According to a Reuters news report, Deloitte is advising U.K. pension fund clients to base calculations of future pension payments on corporate bond yields only of non-financial institutions to reflect their true value. Non-financial yields are now considerably lower than yields on financials.
Pension plans have to rely on a discount rate generally based on AA-rated corporate bond yields when figuring out their liabilities. A higher yield results in lower liabilities and consequently lower deficits. “From an audit perspective, using yields on financial bonds (to calculate liabilities) lacks credibility,” David Robbins, consulting partner at Deloitte told Reuters.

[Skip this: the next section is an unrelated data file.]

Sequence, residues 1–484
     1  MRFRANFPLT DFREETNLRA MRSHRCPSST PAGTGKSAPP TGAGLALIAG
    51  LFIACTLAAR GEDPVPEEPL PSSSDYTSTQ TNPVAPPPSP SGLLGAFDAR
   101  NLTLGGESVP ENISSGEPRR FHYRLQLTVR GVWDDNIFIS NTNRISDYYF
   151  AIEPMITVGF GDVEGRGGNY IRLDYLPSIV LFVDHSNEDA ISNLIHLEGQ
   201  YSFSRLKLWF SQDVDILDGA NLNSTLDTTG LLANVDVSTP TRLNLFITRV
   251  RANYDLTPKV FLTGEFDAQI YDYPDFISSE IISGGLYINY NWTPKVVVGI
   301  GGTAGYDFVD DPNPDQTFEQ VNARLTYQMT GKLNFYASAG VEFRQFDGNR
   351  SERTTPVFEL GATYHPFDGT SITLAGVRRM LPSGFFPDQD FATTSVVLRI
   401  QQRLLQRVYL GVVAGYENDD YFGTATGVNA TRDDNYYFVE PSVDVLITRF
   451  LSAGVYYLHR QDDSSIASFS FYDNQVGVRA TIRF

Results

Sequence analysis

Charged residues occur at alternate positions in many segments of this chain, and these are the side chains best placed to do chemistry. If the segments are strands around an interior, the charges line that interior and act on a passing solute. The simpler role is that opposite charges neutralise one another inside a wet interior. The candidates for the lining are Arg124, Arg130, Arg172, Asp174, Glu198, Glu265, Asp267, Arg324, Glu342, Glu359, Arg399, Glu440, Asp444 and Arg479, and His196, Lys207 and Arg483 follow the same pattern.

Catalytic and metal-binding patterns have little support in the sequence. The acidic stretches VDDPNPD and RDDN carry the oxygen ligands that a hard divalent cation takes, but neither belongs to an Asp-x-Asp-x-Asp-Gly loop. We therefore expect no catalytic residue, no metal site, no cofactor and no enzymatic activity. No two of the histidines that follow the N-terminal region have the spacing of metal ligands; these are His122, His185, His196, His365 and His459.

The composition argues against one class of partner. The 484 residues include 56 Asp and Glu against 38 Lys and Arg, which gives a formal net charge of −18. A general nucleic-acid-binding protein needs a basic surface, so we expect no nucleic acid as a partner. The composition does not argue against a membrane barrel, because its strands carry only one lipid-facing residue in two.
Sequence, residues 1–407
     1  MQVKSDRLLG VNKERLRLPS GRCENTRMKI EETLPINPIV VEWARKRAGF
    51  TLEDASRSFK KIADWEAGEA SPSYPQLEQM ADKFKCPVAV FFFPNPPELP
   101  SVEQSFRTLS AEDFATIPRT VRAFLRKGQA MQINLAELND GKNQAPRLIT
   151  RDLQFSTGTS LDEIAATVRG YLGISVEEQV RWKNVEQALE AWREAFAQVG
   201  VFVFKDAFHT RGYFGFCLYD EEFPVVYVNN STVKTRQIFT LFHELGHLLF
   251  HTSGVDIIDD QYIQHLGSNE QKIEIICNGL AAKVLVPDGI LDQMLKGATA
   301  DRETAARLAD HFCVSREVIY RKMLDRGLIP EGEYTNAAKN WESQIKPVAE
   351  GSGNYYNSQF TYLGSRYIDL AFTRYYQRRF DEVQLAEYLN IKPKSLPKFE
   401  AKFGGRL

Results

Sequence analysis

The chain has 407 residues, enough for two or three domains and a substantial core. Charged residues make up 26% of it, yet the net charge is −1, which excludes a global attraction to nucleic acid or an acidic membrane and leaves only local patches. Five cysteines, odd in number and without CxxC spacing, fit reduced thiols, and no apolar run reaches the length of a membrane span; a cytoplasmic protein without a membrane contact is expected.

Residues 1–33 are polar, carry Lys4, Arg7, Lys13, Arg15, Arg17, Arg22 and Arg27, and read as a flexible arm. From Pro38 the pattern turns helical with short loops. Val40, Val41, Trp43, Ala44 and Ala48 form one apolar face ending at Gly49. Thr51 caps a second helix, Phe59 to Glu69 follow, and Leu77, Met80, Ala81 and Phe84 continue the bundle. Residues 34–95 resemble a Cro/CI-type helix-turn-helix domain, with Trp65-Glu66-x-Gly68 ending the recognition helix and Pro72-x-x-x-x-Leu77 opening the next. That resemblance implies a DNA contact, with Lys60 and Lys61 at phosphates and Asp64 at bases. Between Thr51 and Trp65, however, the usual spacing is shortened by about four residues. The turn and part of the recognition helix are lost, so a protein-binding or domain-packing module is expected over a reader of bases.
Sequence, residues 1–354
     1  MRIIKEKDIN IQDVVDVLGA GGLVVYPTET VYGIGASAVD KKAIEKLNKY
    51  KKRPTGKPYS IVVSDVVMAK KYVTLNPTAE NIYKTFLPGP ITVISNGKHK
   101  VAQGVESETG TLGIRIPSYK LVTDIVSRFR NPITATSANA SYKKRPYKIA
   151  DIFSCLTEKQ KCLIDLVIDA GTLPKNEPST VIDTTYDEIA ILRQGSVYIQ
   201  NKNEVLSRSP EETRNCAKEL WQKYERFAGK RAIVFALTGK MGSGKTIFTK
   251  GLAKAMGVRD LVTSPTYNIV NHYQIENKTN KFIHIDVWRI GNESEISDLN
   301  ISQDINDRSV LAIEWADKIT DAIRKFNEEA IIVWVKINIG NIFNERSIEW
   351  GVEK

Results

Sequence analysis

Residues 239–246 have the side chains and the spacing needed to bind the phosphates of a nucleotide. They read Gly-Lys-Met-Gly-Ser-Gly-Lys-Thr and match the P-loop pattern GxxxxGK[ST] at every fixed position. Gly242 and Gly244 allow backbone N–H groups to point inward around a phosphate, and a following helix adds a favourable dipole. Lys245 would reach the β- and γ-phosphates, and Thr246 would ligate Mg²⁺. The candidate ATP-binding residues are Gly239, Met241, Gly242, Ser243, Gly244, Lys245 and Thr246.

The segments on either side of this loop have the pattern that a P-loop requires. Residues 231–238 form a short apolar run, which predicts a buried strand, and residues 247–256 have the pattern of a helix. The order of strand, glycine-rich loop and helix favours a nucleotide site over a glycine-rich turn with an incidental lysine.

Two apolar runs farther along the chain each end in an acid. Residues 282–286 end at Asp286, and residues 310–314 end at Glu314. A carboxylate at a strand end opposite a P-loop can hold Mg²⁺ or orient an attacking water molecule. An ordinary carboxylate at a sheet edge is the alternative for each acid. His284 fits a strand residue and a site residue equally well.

The other major factor contributing to rising deficits is tumbling financial markets, which have knocked about 20% off the value of pension assets, Deloitte said. "U.K. pension schemes are addicted to equities, with around 60% of their assets in equities, and that is too high," Robbins said, according to Reuters.
Meanwhile, Watson Wyatt has estimated that FTSE 100 companies had a surplus of £12 billion ($21.1 billion) at the end of September, taking into account what it called "significantly higher AA-rated corporate bond yields that have made liabilities appear smaller," Reuters reported.